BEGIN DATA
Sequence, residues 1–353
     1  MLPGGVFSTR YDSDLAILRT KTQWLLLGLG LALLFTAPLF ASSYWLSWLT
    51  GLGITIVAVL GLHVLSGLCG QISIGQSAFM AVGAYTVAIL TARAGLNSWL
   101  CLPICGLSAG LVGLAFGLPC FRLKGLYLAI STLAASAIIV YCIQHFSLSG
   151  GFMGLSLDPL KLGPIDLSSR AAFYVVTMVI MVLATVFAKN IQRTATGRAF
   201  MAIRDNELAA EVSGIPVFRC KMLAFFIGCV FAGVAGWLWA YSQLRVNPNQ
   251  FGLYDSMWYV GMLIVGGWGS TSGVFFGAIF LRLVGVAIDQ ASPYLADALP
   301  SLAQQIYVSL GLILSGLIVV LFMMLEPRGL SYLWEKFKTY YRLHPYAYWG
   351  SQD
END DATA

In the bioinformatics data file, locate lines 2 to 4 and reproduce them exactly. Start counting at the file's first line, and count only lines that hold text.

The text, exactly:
     1  MLPGGVFSTR YDSDLAILRT KTQWLLLGLG LALLFTAPLF ASSYWLSWLT
    51  GLGITIVAVL GLHVLSGLCG QISIGQSAFM AVGAYTVAIL TARAGLNSWL
   101  CLPICGLSAG LVGLAFGLPC FRLKGLYLAI STLAASAIIV YCIQHFSLSG